Lately there has been some discussion about tire recycling and the costs associated with the responsible recycling of old tires, specifically the large tires used in the agricultural, mining and forestry industries.
These discussions will no doubt continue in the weeks ahead, particularly because the cost to recycle many types of tires is increasing.
As this continues to unfold, let’s try to keep in mind some important facts.
First, under the leadership and management of Ontario Tire Stewardship (OTS), the organization established to manage the recycling of our used tires, Ontario’s tire recycling program has been a resounding success (www.RethinkTires.ca). No longer do we see tires thrown into ditches along our roads. In the four years since this program began, OTS has recycled over 50 million old tires. That’s 50 million tires no longer going into our landfills.
Today, over 95 percent of Ontario’s used tires are recycled, many into useful products like roof shingles, traffic cone bases, playground safety tiles, and the rubber pavement in hockey arenas. Just by using shingles made from recycled tires on a typical roof, 64 tires are kept out of landfill. And Ontario is the only province in Canada that recycles a full range of tires, including the larger and heavier ones used in the agricultural, construction, mining and forestry sectors.
Second, let’s remember who pays for this recycling. Simply put, the manufacturers and importers of new tires pay these costs. The recycling program that OTS manages is paid for by people who manufacture and supply Ontarians with tires. Long ago, everyone agreed, including the tire manufacturers, that those who produce the tires should be responsible for paying the full cost of recycling them.
This leads to my third point, and here’s the scoop: It is entirely up to the tire manufacturers to decide how to pass these costs directly to you and me. Some call this an eco fee. Others call it an eco tax. It is neither. It is the cost of recycling the tires. It is the manufacturers who decide how their customers pay for these costs, by either including them in the tire price, or by adding them to the price and displaying this cost on the receipt you receive when you purchase a tire. Not a penny of this money goes to government – it goes right back into the cost of tire recycling where it belongs.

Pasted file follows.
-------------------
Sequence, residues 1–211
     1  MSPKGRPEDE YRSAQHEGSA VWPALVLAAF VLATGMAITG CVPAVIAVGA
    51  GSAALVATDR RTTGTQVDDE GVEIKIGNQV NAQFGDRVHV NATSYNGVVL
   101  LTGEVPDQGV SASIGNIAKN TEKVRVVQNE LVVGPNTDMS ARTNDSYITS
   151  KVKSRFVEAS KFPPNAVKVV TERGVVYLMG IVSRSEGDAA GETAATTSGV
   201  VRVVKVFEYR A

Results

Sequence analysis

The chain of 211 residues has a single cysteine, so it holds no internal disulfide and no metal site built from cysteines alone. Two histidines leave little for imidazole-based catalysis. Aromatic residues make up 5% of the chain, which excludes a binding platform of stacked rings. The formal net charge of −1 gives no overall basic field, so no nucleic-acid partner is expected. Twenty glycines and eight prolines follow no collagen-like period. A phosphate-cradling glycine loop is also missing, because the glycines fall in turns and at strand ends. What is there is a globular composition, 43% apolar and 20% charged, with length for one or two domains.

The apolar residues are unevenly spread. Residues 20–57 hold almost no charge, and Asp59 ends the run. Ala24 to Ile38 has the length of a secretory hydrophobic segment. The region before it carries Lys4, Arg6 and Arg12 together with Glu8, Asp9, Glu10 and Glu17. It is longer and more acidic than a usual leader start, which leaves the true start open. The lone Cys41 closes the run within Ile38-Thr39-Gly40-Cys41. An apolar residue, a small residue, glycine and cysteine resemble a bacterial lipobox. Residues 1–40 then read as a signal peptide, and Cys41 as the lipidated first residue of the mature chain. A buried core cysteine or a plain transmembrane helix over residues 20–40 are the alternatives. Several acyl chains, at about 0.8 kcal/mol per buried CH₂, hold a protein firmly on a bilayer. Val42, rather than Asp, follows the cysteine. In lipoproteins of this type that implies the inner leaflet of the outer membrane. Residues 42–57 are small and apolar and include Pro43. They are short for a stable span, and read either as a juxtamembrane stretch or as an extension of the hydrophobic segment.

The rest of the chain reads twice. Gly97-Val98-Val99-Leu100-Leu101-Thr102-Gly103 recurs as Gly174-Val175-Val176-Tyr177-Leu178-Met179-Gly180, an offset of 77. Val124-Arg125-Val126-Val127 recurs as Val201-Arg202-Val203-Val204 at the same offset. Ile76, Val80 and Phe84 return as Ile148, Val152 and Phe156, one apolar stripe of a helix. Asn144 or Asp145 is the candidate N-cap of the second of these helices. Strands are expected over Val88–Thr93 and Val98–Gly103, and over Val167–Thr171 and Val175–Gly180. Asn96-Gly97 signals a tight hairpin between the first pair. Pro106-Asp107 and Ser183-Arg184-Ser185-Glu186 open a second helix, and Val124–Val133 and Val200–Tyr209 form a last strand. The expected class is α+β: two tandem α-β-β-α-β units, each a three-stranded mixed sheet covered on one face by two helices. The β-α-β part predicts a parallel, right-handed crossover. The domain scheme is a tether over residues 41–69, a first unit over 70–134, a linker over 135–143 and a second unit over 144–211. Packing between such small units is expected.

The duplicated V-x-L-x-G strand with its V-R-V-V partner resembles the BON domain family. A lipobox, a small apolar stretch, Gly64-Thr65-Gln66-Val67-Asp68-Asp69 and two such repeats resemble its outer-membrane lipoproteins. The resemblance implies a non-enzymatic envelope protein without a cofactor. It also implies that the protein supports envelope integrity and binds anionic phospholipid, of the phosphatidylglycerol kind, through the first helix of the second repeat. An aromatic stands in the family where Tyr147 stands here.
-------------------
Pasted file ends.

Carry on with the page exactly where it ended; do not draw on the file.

My fourth point: Costs for recycling many types of tires, including those used in the agricultural sector, are going up. OTS is now required by the Minister of the Environment’s Regulation to bill tire manufacturers for actual recycling costs, not estimated costs. And because of the weight and size of many tires in the agricultural sector, it costs more to recycle them. One tire can weigh as much as 1,200 kilograms, or 100 times more than one of the tires on a family car.
My final point: Under the Used Tires Program, everyone including farmers can now dispose of their old tires at no extra charge. The program has eliminated a cost farmers previously had to pay for the responsible disposal of their tires. OTS has worked with farmers to remove, free of charge, large accumulations of tires. To date, they have cleaned up more than 500,000 tires, including many from agricultural properties, thus eliminating the costs that farmers would have otherwise had to bear to clean up those piles themselves.
OTS has consulted extensively with those affected by the increasing costs. It has also offered to meet with any organization, particularly in the agricultural, forestry and mining sectors, and will continue to do so in the weeks ahead. As the oversight agency, Waste Diversion Ontario will keep monitoring this consultation process to make sure everyone is treated fairly.
As we move forward, let’s also remember this: Thankfully, we are in a new era. Gone are the days when old tires were treated as junk. Gone are the days when our landfills and fields were full of old tires. Instead, we now have a successful tire recycling program that is fully funded by the folks who make our tires.